## Energy-momentum pseudotensor example problem

1. The problem statement, all variables and given/known data
I'm following the derivation of finding the energy flux of a gravitational wave propagating along the z-axis where they use the energy-momentum pseudotensor to achieve this, but I can't seem to get an answer that matches theirs.

2. Relevant equations
We are given a general gravitational plane wave where its wave vector k is given by $$k_{a}=(\omega/c,0,0,-\omega/c).$$ We then have a stress-energy pseudotensor given by
$$t_{ab}=\frac{c^{4}}{64\pi G}k_{a}k_{b}A_{ij}^{TT}A^{ij\, TT}.$$ where the amplitude polarization tensor is $$A_{ij}^{TT}=\begin{bmatrix}A_{+} & A_{\times} & 0\\ A_{\times} & -A_{+} & 0\\ 0 & 0 & 0 \end{bmatrix}.$$

3. The attempt at a solution
It seems to be just some basic algebraic manipulation that is needed but for some reason I can't get the answer of $$t_{ab}=\frac{c^{2}\omega^{2}}{32\pi G}(A_{+}^{2}+A_{\times}^{2})\begin{bmatrix}1 & 0 & 0 & -1\\ 0 & 0 & 0 & 0\\ 0 & 0 & 0 & 0\\ -1 & 0 & 0 & 1 \end{bmatrix}$$ which was given in the textbook. I tried some manipulation, but then could see nowhere to go next as all of my matrices ended up being zero. I started out by putting everything in where $$t_{ab}=\frac{c^{4}}{64\pi G}(\omega/c,0,0,-\omega/c)(\omega/c,0,0,-\omega/c)\begin{bmatrix}0 & 0 & 0 & 0\\ 0 & A_{+} & A_{\times} & 0\\ 0 & A_{\times} & -A_{+} & 0\\ 0 & 0 & 0 & 0 \end{bmatrix}\begin{bmatrix}0 & 0 & 0 & 0\\ 0 & A_{+} & A_{\times} & 0\\ 0 & A_{\times} & -A_{+} & 0\\ 0 & 0 & 0 & 0 \end{bmatrix}.$$ I then simplified to get $$t_{ab}=\frac{c^{2}\omega^{2}}{64\pi G}(1,0,0,-1)(1,0,0,-1)\begin{bmatrix}0 & 0 & 0 & 0\\ 0 & A_{+} & A_{\times} & 0\\ 0 & A_{\times} & -A_{+} & 0\\ 0 & 0 & 0 & 0 \end{bmatrix}\begin{bmatrix}0 & 0 & 0 & 0\\ 0 & A_{+} & A_{\times} & 0\\ 0 & A_{\times} & -A_{+} & 0\\ 0 & 0 & 0 & 0 \end{bmatrix}.$$ Once this was done though I found out that multiplying $$(1,0,0,-1)\begin{bmatrix}0 & 0 & 0 & 0\\ 0 & A_{+} & A_{\times} & 0\\ 0 & A_{\times} & -A_{+} & 0\\ 0 & 0 & 0 & 0 \end{bmatrix}$$ gave zero and that's essentially where I stopped. I know I must be making a really stupid mistake but I just can't see it. Any help would be appreciated, thanks guys.
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Recognitions:
Homework Help
 Quote by Alexrey We then have a stress-energy pseudotensor given by $$t_{ab}=\frac{c^{4}}{64\pi G}k_{a}k_{b}A_{ij}^{TT}A^{ij\, TT}.$$ [/tex]
The RHS of this equation looks more like the averaged stress-energy pseudotensor... is that what you are asked to find?
 Yup that's the one. :) We were already given a plane wave of the form $$h_{ij}^{TT}=A_{ij}^{TT}\cos\left(k_{a}x^{a}\right)$$ which when averaged in the energy-momentum pseudotensor came out to the form that you quoted.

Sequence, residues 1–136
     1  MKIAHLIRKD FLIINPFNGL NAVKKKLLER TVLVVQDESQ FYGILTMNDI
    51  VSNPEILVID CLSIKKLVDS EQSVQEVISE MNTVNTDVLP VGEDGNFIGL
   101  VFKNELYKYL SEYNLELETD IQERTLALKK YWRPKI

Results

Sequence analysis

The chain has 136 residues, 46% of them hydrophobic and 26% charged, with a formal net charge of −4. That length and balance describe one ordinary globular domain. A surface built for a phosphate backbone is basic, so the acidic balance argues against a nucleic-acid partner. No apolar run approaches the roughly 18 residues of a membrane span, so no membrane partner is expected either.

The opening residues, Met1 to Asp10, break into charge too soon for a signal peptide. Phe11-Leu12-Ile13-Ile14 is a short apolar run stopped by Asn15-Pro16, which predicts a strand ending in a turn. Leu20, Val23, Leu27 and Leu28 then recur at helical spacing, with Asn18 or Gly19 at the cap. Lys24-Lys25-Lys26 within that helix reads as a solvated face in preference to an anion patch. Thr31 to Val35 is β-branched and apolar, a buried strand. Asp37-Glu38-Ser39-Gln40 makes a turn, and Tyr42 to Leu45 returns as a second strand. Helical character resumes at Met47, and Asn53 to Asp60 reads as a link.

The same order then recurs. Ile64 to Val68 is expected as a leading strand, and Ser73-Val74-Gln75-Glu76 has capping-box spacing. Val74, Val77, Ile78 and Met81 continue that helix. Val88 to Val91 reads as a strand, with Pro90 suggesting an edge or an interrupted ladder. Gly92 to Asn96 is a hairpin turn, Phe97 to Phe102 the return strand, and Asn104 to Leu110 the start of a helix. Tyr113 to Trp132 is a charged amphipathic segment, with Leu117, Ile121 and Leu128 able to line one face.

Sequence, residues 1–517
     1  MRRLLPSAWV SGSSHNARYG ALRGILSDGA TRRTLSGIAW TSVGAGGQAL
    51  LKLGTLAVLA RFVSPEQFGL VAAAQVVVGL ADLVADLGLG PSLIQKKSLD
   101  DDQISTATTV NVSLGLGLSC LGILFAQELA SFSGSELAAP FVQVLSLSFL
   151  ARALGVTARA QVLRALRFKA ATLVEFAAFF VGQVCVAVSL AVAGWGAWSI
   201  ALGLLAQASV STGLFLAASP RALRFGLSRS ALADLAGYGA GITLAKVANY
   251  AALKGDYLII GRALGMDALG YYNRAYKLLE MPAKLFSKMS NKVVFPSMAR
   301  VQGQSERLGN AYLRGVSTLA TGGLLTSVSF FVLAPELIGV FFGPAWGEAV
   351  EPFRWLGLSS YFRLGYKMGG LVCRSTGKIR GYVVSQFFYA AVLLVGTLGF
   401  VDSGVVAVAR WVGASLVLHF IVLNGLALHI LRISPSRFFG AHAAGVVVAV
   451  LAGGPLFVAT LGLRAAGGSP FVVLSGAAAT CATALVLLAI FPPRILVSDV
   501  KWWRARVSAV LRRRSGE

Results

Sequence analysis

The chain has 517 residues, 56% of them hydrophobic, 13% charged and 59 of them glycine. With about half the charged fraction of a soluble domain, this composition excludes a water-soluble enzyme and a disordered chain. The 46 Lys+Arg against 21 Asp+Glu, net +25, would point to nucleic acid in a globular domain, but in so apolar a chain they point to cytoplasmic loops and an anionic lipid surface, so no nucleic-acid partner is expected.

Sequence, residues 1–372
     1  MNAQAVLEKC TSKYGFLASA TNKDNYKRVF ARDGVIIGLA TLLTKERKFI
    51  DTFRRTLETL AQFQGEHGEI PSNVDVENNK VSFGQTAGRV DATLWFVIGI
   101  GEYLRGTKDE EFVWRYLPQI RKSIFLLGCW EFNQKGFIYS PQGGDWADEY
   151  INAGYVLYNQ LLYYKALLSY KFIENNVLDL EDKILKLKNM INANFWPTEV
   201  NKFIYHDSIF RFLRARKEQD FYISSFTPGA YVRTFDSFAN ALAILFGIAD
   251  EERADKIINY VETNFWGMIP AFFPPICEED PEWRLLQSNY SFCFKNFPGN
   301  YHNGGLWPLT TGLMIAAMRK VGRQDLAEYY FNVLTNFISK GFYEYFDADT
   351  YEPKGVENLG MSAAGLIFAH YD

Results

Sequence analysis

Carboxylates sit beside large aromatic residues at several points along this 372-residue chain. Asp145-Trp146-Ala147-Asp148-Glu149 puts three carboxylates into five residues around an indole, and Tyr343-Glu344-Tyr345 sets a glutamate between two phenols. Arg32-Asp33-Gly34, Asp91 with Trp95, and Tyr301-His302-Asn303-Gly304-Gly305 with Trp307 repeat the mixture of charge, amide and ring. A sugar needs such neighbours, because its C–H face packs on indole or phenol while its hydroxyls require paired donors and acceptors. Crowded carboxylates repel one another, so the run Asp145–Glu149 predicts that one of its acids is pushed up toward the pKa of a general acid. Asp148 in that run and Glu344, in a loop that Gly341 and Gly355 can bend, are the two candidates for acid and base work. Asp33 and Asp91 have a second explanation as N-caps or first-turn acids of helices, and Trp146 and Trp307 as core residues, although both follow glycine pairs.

Recognitions:
Homework Help

## Energy-momentum pseudotensor example problem

Okay. Well what kind of quantity is $A_{ij}A^{ij}$; tensor, vector or scalar? What kind of quantity is $k_bA_{ij}$? Does it make sense to compute it as a vector times a matrix (which results in a vector)?

Aside: Typically one uses Greek indices when they are to range over spatial and temporal dimensions, and Latin for spatial only.
 Well, $$A_{ij}^{TT}A^{ij\, TT}$$ are just two tensors in the transverse-traceless gauge (where i,j=1,2,3) and $$k_{a}$$ is just a vector which can be generalized to a (0,1) tensor (where a=0,1,2,3,4) which can then be generalized to a 1x4 matrix. I think it would be possible to multiply the amplitude matrices with the wave vectors because the final answer in the text book seems to look like that root was taken somewhere.

Recognitions:
Homework Help
 Quote by Alexrey Well, $$A_{ij}^{TT}A^{ij\, TT}$$ are just two tensors in the transverse-traceless gauge (where i,j=1,2,3)
No, $A_{ij}$ and $A^{ij}$ are 2 tensors. The quantity $A_{ij}A^{ij}$ is, according to the Einstein summation convention, a scalar:

$$A_{ij}A^{ij}\equiv \sum_{i,j}A_{ij}A^{ij} = A_{11}A^{11} + A_{12}A^{12} + \ldots + A_{33}A^{33}$$

Do you get a scalar if you naively multiply the matrix representations of $A_{ij}$ and $A^{ij}$ together using the usual matrix multiplication rules?

 and $$k_{a}$$ is just a vector which can be generalized to a (0,1) tensor (where a=0,1,2,3,4) which can then be generalized to a 1x4 matrix. I think it would be possible to multiply the amplitude matrices with the wave vectors because the final answer in the text book seems to look like that root was taken somewhere.
Sure, $k_a$ is a vector, or a rank 1 tensor, but look at how many different indices you have in the quantity $k_aA_{ij}$: 3 indices means this quantity is a rank 3 tensor (or pseudo-tensor, depending on how it transforms), which is not what you get when you naively multiply the matrix representation of $k_a$ with the matrix representation of $A_{ij}$.

The point I was hoping that you would see from my previous questions is that when you are given something like

$$A_{ij} =\begin{pmatrix} A_{+} & A_{\times} & 0 \\ A_{\times} & -A_{+} & 0 \\ 0 & 0 & 0 \end{pmatrix}$$

it does not mean that $A_{ij}$ is that matrix, only that $A_{ij}$ is the component in the $i$th row and $j$th column of that matrix. The same thing holds true for the expression $k_a=(-\frac{\omega}{c}, 0 , 0, \frac{\omega}{c})$; that is $k_a$ is not that 1x4 matrix, rather it is the $a$th component of it.

You cannot just naively multiply the matrix representation of tensors together and expect to get a result that makes sense. You need to pay attention to the indices and what the equation is actually telling you to do

Instead, try starting by calculating $A_{ij}A^{ij}=A_{ij}g^{di}g^{ej}A_{de}$. You should end up with a nice scalar value of $2(A_{+}^{(2)}+A_{\times}^{(2)})$.
 Sometimes I just forget about the simplest of rules! I'll give that a try and see what I end up with, thanks very much.